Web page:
I spent many a happy hour developing the skills of individuals who spent the majority of their working lives having conversations over the phone.

I once ran a workshop that had a mix of individuals who had a background working via a phone and those who generally worked face-to-face. I knew the work of all of those in the room and knew that they were all fantastic listeners.

As part of the workshop I included an exercise about listening – the whole group excelled at the first part. The difference came when I asked that they did the same exercise with their eyes shut. What quickly became apparent was that those who had lots of experience working via the phone found the task relatively easy. Those who mainly worked face-to-face struggled without the visual cues they were used to working with.

Now I’m not for one minute suggesting that those who normally worked face-to-face with people “failed” and therefore are consigned to never communicating using any other method ever again! What I am saying is that listening without being able to literally physically see what’s going on is a skill that can be developed like any other. It’s something that, with practice can get stronger and stronger.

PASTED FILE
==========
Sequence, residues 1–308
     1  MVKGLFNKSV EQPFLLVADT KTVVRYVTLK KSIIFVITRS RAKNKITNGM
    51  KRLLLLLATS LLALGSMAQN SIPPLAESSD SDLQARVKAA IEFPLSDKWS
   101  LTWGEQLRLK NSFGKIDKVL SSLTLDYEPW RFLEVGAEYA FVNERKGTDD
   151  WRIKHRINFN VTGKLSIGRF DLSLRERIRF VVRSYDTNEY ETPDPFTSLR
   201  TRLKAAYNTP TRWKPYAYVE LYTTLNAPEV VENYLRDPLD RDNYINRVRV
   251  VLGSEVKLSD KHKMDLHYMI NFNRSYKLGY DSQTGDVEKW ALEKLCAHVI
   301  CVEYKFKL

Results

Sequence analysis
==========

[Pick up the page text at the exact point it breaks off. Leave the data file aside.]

So why am I writing about contact centres on a Wednesday coaching post?

You’ll often find coaches discussing the importance of listening when having a coaching conversation. Pretty much up until running that workshop I didn’t fully get why when I met other coaches at events so many of them would give me a strange look when I said I coached via the phone.

I do a lot of my work via the phone – it’s a medium I’m comfortable with. I like the extra benefits it can bring, such as being able to work with wherever my ideal clients are (providing they have a working phone signal). I don’t have to have geographic limitations so that we can both be physically in the same place.

It also makes scheduling clients a lot easier – there are no travelling times to take into consideration. So I have far more flexibility with my phone coaching sessions than I often have with a face-to-face session. I don’t know about you, but even though I often quite like a car or train journey I much prefer the joy I get from coaching. I’d much rather be spending my time running a coaching session than travelling to one.

There are many other reasons why I personally choose to mainly coach via the phone. Thinking back to the many different trainings I have attended there have been many, many skills and techniques that I have at my fingertips from those events to use when coaching via the phone.